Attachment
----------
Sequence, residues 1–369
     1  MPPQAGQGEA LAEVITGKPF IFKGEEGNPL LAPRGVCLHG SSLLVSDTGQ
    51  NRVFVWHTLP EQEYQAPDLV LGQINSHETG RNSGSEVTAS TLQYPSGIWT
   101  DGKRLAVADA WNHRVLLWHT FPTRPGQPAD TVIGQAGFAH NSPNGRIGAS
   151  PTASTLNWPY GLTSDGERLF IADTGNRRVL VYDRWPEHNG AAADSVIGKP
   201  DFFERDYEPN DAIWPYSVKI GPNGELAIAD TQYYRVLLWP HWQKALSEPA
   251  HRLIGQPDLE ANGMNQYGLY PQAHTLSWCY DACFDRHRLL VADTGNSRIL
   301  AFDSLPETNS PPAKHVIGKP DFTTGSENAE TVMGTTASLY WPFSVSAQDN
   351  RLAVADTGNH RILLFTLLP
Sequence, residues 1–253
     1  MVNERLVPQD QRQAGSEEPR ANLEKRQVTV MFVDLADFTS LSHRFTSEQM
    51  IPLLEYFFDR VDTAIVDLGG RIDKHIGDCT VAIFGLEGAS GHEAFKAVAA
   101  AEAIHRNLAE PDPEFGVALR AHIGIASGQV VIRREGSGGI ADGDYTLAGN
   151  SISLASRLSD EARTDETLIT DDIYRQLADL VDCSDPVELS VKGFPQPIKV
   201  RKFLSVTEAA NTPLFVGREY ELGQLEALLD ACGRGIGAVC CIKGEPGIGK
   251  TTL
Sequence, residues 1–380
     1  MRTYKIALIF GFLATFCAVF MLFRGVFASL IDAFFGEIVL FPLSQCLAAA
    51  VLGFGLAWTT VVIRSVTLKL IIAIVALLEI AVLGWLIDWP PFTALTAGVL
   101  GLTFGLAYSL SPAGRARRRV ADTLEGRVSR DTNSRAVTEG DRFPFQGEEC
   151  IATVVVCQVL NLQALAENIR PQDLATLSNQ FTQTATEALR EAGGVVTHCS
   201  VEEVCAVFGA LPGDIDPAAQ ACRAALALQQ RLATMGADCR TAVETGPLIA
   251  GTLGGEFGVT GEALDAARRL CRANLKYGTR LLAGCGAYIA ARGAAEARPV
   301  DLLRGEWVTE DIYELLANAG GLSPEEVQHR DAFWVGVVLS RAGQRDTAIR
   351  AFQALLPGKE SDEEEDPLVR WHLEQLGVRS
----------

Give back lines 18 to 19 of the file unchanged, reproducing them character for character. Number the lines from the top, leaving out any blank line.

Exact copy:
     1  MRTYKIALIF GFLATFCAVF MLFRGVFASL IDAFFGEIVL FPLSQCLAAA
    51  VLGFGLAWTT VVIRSVTLKL IIAIVALLEI AVLGWLIDWP PFTALTAGVL